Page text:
Tuesday, March 17, 2009

Counterculture (Luke 6)

OK, what does it take to make you hop, skip, and jump with wild enthusiasm?

How about -- being insulted? Let's reverse our usual order, and look at a few words, first, today:
  • plamak -- well, my new favorite online dictionary provides these meanings: bounce, bound, cavort, leap, gambol, etc. Definitely an action verb! And a lively one at that. The English word "zip" has similar connotations of zesty liveliness, and provides a convenient artificial cognate for those of us who need such memory hooks!
  • coşku-- well, my new dictionary will see[1] my paper dictionary's enthusiasm, and raise it with exuberance, vigor, ebullience, fervor, kick, ecstasy, effervescence, etc.
The Greek verb σκιρτήσατε is translated in the KJV as "leap for joy." Well, this is a command that requires a context! Let's take a look at Luke's version of the Sermon on the Mount:
Luk 6:22 İnsanoğlu'na bağlılığınız yüzünden İnsanlar sizden nefret ettikleri, Sizi toplum dışı edip aşağıladıkları Ve adınızı kötüleyip sizi reddettikleri zaman Ne mutlu size!
Luk 6:23 O gün sevinin, coşkuyla zıplayın! Çünkü gökteki ödülünüz büyüktür. Nitekim onların ataları da Peygamberlere böyle davrandılar.
One of the more evil influences on American popular culture, John Dewey, rejected Christianity because he considered it "divisive." Like Muslims, Christians assume that the world is divided between people who are on the road to eternal bliss, and the servants of İblis who are heading in the other direction.

I'm reading Orhan Pamuk's book Other Colors. This great Turkish novelist feels a kindred spirit with the Russian writers of the 19th century. In both cases, cultures on the fringe of Europe yearned for full inclusion. Some of the writers and thinkers got tired of the effort, and decided to celebrate their own culture to the fullest. Dostoyevsky portrayed the European "enlightenment" influences as demonic.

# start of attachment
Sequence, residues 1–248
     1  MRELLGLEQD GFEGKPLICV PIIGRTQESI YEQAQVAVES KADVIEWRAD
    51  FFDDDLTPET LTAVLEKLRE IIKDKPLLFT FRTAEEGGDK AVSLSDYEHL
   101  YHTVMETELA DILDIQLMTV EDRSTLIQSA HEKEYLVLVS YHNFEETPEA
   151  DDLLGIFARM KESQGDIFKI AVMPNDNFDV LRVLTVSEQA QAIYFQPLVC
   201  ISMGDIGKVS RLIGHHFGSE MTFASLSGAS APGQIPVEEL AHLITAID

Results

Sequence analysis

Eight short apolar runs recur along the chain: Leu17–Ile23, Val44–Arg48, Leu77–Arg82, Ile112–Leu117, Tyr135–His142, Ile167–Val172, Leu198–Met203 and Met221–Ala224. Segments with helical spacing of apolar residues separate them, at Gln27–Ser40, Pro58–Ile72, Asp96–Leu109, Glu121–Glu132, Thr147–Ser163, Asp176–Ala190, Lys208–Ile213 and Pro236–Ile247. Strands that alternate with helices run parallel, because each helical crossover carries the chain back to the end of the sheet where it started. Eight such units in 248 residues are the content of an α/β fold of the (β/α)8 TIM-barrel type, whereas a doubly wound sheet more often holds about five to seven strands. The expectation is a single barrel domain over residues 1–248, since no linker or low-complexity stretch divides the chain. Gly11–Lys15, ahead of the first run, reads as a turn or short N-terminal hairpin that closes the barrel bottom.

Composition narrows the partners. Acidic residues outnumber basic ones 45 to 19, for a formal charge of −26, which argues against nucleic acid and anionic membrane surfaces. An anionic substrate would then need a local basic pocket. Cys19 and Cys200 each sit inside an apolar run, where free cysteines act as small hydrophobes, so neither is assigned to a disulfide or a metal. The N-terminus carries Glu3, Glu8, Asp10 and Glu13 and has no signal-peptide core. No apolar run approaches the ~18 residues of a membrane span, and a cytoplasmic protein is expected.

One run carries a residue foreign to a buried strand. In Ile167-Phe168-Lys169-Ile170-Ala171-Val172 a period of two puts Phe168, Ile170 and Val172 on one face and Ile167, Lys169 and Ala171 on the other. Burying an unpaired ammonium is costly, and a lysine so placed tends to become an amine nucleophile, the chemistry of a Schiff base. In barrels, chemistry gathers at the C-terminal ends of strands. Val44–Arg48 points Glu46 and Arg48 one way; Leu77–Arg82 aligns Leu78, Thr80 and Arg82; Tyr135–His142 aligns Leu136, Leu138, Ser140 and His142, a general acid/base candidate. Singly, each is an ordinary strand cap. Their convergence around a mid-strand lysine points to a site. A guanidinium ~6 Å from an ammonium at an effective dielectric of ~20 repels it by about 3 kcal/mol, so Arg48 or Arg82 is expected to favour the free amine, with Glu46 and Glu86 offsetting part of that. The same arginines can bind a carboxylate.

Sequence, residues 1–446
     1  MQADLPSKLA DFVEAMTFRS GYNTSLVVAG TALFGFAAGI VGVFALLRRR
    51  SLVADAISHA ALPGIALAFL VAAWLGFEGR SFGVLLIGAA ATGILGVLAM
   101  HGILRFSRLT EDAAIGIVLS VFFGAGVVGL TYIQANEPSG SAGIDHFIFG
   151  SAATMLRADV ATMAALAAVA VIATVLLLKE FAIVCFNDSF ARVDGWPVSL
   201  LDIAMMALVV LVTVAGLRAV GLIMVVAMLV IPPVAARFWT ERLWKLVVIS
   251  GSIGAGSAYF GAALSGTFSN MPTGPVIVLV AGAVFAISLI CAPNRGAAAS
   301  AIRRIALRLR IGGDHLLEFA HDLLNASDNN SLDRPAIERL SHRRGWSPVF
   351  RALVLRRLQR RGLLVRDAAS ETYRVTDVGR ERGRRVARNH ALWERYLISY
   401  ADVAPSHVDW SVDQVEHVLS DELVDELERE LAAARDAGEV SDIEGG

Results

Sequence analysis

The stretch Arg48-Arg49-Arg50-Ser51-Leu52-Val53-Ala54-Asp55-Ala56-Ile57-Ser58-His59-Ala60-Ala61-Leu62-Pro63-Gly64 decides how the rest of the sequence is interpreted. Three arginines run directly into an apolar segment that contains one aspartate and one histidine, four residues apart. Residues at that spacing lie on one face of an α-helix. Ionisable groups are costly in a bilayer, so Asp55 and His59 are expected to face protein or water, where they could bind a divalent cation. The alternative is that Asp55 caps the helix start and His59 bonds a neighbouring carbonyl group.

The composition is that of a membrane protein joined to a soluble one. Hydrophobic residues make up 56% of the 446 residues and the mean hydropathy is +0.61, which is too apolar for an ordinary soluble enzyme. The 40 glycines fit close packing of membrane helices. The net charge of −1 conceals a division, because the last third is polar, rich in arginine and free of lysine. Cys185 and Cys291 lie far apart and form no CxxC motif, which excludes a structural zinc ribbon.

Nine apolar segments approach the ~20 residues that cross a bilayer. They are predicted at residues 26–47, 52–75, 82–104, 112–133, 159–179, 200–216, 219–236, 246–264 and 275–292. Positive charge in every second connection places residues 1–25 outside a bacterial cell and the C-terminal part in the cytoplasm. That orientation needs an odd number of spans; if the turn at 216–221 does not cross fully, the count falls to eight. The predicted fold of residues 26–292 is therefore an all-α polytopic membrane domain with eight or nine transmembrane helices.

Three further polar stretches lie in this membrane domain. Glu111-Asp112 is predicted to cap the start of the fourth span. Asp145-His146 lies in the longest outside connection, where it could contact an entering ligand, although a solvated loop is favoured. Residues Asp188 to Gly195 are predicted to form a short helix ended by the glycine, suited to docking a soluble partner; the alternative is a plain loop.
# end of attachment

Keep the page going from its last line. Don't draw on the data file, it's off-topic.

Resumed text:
In like manner, the American "countercultures" of the late 60s embraced the rejection of the ruling establishment as a badge of honor. In the words of American epigramist Yogi Berra, "I wouldn't want to belong to a club that would have me for a member!"

In this chapter, Jesus tells his followers to disdain the approval of the ruling elites. You're not going to get it anyhow, and they're on the wrong track. Expect the schism, rejoice in it, and overcome by framing your responses in expansive, generous, and kindly terms.


[1] OK -- a poker metaphor. One player bets a certain amount. Another agrees to equal ("see") that bet, and increase ("raise") it.

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